Jaw-dropping report concedes that “global governance” is a euphemism for anti-democratic global government
Paul Joseph Watson
Tuesday, December 9, 2008
The Financial Times, one of the most respected and widely read newspapers on the planet, features an editorial today that openly admits the agenda to create a world government based on anti-democratic principles and concedes that the term “global governance” is merely a euphemism for the move towards a centralized global government.
For years we were called paranoid nutcases for warning about the elite’s plans to centralize global power and destroy American sovereignty. Throughout the 1990’s people who talked about the alarming move towards global government were smeared as right-wing lunatics by popular culture and the media.
Now the agenda is out in the open and in our faces, the debunkers have no more ammunition with which to deride us.
A jaw-dropping editorial written by the Financial Times’ chief foreign affairs commentator Gideon Rachman entitled ‘And now for a world government’ lays out the plan for global government and how it is being pushed with deceptive language and euphemisms in order to prevent people from becoming alarmed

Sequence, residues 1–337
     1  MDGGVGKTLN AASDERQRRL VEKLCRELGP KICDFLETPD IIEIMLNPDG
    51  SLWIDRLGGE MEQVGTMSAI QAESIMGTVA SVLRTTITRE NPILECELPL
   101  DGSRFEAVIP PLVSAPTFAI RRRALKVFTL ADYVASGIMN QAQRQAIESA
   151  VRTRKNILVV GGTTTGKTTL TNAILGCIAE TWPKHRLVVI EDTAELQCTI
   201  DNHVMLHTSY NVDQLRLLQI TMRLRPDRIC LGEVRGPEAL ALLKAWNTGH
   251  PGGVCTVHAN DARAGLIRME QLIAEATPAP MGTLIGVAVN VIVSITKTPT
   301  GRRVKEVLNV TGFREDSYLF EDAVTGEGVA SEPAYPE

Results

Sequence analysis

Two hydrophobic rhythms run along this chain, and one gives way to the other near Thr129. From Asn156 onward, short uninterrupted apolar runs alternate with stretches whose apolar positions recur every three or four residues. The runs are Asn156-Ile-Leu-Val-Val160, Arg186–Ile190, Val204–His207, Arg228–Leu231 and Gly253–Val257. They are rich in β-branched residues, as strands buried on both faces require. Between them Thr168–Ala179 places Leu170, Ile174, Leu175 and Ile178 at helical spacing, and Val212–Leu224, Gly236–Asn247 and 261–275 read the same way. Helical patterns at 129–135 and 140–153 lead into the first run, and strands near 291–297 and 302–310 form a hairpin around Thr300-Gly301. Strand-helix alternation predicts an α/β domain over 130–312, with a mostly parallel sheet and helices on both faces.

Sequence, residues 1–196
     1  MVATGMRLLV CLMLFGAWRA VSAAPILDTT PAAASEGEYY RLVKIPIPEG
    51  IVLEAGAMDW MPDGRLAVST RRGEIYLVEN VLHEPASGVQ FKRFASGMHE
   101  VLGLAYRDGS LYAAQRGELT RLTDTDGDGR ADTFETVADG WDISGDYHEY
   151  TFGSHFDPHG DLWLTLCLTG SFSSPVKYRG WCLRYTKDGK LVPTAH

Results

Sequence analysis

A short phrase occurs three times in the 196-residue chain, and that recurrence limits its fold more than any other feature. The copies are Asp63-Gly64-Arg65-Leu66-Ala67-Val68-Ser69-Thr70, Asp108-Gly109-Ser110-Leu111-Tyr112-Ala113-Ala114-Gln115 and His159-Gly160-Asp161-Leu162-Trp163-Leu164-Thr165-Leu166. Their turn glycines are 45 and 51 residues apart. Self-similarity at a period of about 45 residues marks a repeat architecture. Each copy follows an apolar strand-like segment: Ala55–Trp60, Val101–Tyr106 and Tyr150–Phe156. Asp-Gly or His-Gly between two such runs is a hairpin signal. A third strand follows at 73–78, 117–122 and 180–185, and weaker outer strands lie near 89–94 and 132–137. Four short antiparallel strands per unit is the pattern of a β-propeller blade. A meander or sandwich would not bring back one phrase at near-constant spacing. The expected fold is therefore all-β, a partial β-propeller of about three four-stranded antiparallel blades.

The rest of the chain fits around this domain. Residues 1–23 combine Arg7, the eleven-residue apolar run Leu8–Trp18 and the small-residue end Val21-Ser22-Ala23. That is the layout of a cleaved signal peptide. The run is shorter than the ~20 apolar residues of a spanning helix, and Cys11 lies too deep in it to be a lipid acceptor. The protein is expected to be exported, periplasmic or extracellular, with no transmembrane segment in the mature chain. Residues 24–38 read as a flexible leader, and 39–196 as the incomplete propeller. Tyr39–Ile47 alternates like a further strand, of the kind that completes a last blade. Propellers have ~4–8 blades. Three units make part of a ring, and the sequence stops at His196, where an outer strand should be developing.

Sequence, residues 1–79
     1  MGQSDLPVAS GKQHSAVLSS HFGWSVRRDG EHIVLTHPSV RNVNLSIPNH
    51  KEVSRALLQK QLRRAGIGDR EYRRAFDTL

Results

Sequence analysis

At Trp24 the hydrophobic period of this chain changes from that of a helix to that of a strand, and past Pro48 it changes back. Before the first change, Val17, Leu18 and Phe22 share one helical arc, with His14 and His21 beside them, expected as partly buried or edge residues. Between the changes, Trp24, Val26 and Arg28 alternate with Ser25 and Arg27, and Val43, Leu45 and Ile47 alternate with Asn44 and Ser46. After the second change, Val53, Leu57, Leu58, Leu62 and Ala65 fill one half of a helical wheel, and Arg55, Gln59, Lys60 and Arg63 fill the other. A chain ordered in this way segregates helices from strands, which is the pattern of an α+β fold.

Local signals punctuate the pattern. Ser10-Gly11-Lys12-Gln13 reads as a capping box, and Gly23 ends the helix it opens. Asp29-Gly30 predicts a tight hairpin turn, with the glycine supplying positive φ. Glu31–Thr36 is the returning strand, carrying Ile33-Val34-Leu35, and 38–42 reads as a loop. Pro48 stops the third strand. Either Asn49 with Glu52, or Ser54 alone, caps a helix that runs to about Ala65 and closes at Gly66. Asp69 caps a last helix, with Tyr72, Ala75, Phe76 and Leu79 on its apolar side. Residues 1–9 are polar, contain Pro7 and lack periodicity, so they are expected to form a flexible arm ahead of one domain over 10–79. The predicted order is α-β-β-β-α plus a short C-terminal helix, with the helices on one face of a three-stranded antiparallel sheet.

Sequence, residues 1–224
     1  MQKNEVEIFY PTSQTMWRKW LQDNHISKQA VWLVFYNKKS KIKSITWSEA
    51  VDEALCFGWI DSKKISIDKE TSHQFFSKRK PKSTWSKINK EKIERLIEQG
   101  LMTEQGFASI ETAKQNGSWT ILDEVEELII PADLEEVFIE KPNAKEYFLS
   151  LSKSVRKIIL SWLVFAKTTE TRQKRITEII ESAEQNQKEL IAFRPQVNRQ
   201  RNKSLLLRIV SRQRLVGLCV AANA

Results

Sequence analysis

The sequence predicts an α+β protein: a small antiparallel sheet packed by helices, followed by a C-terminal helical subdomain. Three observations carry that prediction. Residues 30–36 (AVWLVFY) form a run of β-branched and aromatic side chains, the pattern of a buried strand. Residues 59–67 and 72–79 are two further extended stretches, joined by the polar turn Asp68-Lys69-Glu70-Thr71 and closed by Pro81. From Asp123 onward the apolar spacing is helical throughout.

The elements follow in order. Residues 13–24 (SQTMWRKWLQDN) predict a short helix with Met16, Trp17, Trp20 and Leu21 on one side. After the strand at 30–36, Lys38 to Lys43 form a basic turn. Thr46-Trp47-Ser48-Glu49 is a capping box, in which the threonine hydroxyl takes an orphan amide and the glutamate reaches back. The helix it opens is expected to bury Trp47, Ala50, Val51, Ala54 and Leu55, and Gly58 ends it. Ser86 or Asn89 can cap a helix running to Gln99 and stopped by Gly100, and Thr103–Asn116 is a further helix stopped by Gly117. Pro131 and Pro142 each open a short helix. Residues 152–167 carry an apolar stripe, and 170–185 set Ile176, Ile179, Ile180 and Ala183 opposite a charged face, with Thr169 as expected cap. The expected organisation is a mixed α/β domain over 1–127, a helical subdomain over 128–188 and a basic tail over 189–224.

“For the first time in my life, I think the formation of some sort of world government is plausible,” writes Rachman, citing the financial crisis, “global warming” and the “global war on terror” as three major pretexts through which it is being introduced.
Rachman writes that “global governance” could be introduced much sooner than many expect and that President elect Barack Obama has already expressed his desire to achieve that goal, making reference to Obama’s circle of advisors which includes Strobe Talbott, who in 1992 stated, “In the next century, nations as we know it will be obsolete; all states will recognize a single, global authority. National sovereignty wasn’t such a great idea after all.”
Rachman then concedes that the more abstract term “global governance,” which is often used by top globalists like David Rockefeller as a veil to offset accusations that a centralized global government is the real agenda, is merely a trick of “soothing language” that is used to prevent “people reaching for their rifles in America’s talk-radio heartland”.